Friday – Our last day in New Mexico was spent at Ghost Ranch, where dinosaur remains have been found and artists have been inspired. We hiked the high mesa trail and looked over a landscape that can be found in the paintings of Georgia O’Keeffe.image-36

Like I did on all of our hikes, I looked over the land and listened to the theme of Centennial, the 1970s miniseries about the American West. Everyone else thought I was insane, but the music inspires me. I knew that listening to it would add something to my experience and offer something to visualize when I hear that music in the future.

As always, we had a great trip filled with great experiences. These were just a few of them.

Musical Journey

14 May

In a few days, we will be leaving on our annual field trip to Santa Fe, New Mexico. I will return with stories from the Wild West, but, until then, I will be out-of-pocket for a while.

The trip to Santa Fe is an adventurous one. Four teachers and ten students jump into a couple of vans and journey from one end of the continent to the other. It’s a long way, but the directions are easy. My town sits on Interstate 40. That means we stay on one road through Tennessee, Arkansas, Oklahoma, Texas and part of New Mexico. Like Bugs Bunny, we take a right at Albuquerque.

Or maybe it was left.

Or maybe it was left.

The stretch of Interstate 40 between Nashville and Memphis has been dubbed the “Music Highway”, but the entire road to pretty musical. It seems that a lot of the places we pass have songs written about them.

Nashville has a bunch of songs written about it, but one of my favorites is “Nashville Cats” by The Lovin’ Spoonful.

Not long after Nashville, we go through Jackson. Now, I don’t know if June and Johnny Cash were singing about the Jackson in Tennessee or the Jackson in Mississippi. However, this is my blog, so it’s going to be Tennessee.

Next, we go through Memphis, a city of Blues and Rock n’ Roll. Like Nashville, there are a lot of songs about Memphis, but one of the best was by Johnny Rivers.

I guess Little Rock has some songs about it, but we don’t really go through that town. This means that Oklahoma is the next musical place we hit. Obviously, there is a musical about this state, but Three Dog Night recorded my favorite Oklahoma song. It’s a weird tune that talks about Spain and the Beatles.

We stop in Oklahoma City, but I can’t think of a good Oklahoma City song. However, Carrie Underwood has a song about her hometown of Checotah.

From Oklahoma, we venture into the panhandle of Texas. There’s not much in the panhandle of Texas but the city of Amarillo. George Strait has a great song about Amarillo.

That’s about it for Texas, but there is one more song. When we get close to Albuquerque, I always think about a song that is about a guy driving on Interstate 40. However, he is traveling the opposite direction. Instead of going west, he is going east through all of the towns that we have passed. He is leaving a bad woman, and “by the time I make Albuquerque she’ll be workin’“.

So, that’s the musical journey I will be making this week.

Listeria – New Mexico Edition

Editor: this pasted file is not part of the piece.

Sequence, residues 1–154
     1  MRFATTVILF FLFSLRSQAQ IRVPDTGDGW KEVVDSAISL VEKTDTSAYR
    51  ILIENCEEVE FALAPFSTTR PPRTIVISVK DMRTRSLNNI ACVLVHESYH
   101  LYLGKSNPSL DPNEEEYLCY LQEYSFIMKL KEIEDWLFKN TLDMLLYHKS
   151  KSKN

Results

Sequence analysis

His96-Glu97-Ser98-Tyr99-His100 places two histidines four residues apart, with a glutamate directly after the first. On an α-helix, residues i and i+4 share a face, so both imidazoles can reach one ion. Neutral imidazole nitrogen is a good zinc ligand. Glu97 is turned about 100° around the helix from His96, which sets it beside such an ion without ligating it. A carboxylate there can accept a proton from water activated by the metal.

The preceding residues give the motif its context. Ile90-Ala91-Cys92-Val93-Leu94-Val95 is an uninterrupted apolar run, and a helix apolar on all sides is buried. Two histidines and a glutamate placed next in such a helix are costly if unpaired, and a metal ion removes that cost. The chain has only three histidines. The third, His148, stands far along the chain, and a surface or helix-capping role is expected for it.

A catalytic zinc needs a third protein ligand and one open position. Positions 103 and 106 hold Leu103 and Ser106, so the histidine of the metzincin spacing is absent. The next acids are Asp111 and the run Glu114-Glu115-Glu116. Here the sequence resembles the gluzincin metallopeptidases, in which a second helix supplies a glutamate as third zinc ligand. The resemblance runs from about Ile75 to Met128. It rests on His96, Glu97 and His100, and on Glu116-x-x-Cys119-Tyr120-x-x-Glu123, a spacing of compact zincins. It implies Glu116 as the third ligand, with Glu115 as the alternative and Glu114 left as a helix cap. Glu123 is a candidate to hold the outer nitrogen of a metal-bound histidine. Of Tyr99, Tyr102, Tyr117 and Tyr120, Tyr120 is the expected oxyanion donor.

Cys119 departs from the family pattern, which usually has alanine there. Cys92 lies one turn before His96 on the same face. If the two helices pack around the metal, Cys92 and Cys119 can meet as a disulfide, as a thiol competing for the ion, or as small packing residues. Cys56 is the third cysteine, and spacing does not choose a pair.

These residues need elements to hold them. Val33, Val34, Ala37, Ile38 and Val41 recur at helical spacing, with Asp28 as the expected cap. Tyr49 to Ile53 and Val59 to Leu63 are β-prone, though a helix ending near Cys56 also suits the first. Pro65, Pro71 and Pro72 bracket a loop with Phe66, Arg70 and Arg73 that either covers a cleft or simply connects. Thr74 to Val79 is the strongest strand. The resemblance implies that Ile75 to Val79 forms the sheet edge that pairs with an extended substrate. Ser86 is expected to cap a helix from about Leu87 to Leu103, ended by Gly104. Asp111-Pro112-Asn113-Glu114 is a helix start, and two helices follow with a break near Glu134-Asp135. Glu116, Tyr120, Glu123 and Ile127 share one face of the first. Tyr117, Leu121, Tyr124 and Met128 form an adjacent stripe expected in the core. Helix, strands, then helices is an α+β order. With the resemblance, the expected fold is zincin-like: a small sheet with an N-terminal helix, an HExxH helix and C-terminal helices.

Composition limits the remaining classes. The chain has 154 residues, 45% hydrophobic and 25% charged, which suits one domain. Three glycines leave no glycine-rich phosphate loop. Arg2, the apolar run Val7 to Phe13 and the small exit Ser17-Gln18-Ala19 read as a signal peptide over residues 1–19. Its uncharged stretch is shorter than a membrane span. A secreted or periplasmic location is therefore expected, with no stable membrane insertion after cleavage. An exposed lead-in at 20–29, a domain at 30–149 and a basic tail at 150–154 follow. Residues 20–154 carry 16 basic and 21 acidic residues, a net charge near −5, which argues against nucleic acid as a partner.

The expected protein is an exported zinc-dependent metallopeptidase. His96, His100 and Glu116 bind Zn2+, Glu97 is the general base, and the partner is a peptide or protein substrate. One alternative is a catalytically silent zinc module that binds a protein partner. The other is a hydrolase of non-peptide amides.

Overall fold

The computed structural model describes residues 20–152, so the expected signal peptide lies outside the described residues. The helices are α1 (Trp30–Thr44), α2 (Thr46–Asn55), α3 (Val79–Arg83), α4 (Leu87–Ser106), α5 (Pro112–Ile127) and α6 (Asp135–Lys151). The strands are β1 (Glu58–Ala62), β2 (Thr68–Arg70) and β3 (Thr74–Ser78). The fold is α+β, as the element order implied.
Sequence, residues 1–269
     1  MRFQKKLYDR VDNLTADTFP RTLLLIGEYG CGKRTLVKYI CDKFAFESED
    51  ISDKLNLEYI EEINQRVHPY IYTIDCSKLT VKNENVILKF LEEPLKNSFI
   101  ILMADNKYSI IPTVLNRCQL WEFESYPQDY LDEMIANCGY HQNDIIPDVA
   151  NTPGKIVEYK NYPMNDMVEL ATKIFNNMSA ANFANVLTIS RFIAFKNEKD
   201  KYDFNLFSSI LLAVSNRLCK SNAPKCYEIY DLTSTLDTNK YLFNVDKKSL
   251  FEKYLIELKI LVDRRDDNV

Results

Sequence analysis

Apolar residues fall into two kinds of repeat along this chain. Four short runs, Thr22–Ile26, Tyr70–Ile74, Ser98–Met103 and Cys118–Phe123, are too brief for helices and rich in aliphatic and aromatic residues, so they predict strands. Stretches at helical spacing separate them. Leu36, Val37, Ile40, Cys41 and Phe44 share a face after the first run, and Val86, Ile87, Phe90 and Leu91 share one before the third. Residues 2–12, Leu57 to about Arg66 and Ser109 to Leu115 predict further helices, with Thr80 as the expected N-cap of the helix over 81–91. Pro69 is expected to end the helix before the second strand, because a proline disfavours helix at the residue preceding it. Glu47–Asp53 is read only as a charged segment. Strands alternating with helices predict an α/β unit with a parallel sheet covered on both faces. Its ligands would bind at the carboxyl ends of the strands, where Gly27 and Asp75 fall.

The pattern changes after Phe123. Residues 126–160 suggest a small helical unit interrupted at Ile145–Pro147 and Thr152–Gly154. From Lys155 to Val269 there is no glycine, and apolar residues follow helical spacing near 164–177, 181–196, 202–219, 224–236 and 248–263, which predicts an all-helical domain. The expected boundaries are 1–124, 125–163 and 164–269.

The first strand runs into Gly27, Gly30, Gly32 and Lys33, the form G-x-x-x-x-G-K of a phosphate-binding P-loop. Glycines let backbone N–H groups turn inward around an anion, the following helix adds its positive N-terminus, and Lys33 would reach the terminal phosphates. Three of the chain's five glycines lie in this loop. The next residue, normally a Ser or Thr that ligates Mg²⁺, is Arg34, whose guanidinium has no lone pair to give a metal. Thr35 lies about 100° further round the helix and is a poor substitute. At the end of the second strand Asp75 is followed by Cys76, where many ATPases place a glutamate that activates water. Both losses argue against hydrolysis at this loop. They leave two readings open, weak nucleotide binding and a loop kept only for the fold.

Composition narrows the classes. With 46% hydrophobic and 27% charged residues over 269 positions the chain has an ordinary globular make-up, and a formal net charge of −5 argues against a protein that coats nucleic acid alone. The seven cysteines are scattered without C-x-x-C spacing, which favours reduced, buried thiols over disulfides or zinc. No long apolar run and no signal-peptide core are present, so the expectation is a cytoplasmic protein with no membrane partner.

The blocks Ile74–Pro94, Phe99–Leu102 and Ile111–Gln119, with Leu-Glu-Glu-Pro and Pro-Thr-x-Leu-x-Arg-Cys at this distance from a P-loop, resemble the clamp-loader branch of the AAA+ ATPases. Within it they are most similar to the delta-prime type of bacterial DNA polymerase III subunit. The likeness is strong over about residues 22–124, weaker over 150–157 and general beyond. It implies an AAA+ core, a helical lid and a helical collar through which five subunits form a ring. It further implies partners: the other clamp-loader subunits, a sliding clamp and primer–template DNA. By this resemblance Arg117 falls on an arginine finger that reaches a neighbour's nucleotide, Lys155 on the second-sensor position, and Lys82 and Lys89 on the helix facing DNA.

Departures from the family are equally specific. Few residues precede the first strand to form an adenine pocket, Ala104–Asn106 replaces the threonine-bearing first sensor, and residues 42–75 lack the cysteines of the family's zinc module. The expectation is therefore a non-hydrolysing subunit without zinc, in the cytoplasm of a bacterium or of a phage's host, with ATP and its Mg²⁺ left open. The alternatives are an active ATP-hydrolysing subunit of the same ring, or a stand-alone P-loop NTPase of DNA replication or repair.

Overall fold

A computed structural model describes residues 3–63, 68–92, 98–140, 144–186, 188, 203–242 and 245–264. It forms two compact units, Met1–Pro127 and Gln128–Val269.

17 Jul

New Mexico is one of my favorite states. How’s that for a short and to-the-point sentence? It is a place that I have visited numerous times, both for my job and for pleasure. Each time I go, I discover something new about the state and about myself. That’s the kind of place that New Mexico is.

Last night, I was grocery shopping and made my way over to the magazine aisle. There, I picked up a copy of Cowboys & Indians (a very non-politically correct title) and flipped through the pages – mostly looking at the pictures. That’s when I noticed some recognizable scenes. Turns out, they were part of an article called “100 Reasons We Love New Mexico”.

Another list after recently writing about lists! And, this list is about New Mexico! So, the magazine people did their job and sold a copy. I took it home; read through the list; and realized that I knew a bunch of things on the list. After counting, I had experienced 41 items on the list. Not bad for a history professor in Tennessee.

In homage of a great state, this is the list of the 41 things I have experienced on the Cowboys & Indians list of 100. First, a few disclaimers. The number is where the magazine has each item listed. Second, the quoted comments in bold come from the magazine, and the comments without quotes come from me. Third, the photographs come from me, so I don’t have pictures of everything.

1. “First impressions: clean air, blue skies, clear light; soft colors.” New Mexico definitely has plenty of each.

2. “The Sangre de Cristos Mountains.” They look over Santa Fe.

4. “The high road to Taos!” I’ve driven on the road but not all the way to Taos.

6. “Sunset at La Fonda’s rooftop Bell Tower bar in Santa Fe.” This place is on top of one of Santa Fe’s premiere hotels and provides a great view of the Santa Fe Plaza.

7. “The view of the Santa Fe and Jemez Mountains from the Cross of the Martyrs. Dedicated in 1920 to commemorate the 21 friars and numerous Spanish colonists killed in the 1680 Pueblo Revolt, the site is accessible by stairs from Paseo de la Loma.” This site has a few issues. First, parking is a problem. Second, it doesn’t say anything about the Native Americans killed by the Spanish.

11. “Ristra hanging everywhere.” El Pinto in Albuquerque is my favorite place to see these.

12. “The pinyon, the cherished state tree names by Spanish explorer Alvar Nunez Cabeza de Vaca in the 1530s.” These plants are everywhere and are an important part of the state’s landscape.

15. “The Sandia Mountains at sunset.” This is truly a beautiful sight.

16. “The Zia symbol for the sun (from the ancient Zia Pueblo people) flying on the red and gold (for Spain) state flag.” The state capitol, which I walked around and through this year, is also built in this shape.

17. “Pueblo cliff dwellings and Kokopelli’s image among the ruins at Bandelier National Monument.” This is a great hike, and there is also a great visitor center with a grill and gift shop.

19. “Frito pie – served in the bag – at the Five & Dime on Santa Fe Plaza.” It’s also a great place to buy t-shirts.

22. “The oldest Madonna in the country, Our Lady La Conquistadora statue (she arrived in 1625 with the Franciscans), in the chapel at Santa Fe’s cathedral Basilica of Saint Francis of Assisi; and in the cathedral’s outside portico, the Blessed Kateri statue of Kateri Tekakwitha (1656-80, Mohawk-Algonquin), the first North American Indian to be beatified.” No building in the downtown district can be taller than the towers of the cathedral.